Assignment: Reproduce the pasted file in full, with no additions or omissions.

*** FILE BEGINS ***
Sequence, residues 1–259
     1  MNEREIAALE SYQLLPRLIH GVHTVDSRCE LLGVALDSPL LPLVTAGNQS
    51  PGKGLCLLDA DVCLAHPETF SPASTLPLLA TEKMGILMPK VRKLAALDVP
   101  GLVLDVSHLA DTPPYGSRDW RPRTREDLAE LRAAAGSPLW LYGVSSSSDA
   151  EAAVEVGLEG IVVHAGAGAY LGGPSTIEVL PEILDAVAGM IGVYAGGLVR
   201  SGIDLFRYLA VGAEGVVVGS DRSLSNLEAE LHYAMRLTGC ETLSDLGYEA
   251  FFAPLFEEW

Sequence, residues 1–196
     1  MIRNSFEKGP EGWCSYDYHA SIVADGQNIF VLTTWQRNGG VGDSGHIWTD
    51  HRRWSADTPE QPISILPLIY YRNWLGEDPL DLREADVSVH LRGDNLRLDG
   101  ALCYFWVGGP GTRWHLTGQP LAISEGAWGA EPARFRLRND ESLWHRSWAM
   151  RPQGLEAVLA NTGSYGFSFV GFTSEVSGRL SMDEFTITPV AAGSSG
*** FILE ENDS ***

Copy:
Sequence, residues 1–259
     1  MNEREIAALE SYQLLPRLIH GVHTVDSRCE LLGVALDSPL LPLVTAGNQS
    51  PGKGLCLLDA DVCLAHPETF SPASTLPLLA TEKMGILMPK VRKLAALDVP
   101  GLVLDVSHLA DTPPYGSRDW RPRTREDLAE LRAAAGSPLW LYGVSSSSDA
   151  EAAVEVGLEG IVVHAGAGAY LGGPSTIEVL PEILDAVAGM IGVYAGGLVR
   201  SGIDLFRYLA VGAEGVVVGS DRSLSNLEAE LHYAMRLTGC ETLSDLGYEA
   251  FFAPLFEEW

Sequence, residues 1–196
     1  MIRNSFEKGP EGWCSYDYHA SIVADGQNIF VLTTWQRNGG VGDSGHIWTD
    51  HRRWSADTPE QPISILPLIY YRNWLGEDPL DLREADVSVH LRGDNLRLDG
   101  ALCYFWVGGP GTRWHLTGQP LAISEGAWGA EPARFRLRND ESLWHRSWAM
   151  RPQGLEAVLA NTGSYGFSFV GFTSEVSGRL SMDEFTITPV AAGSSG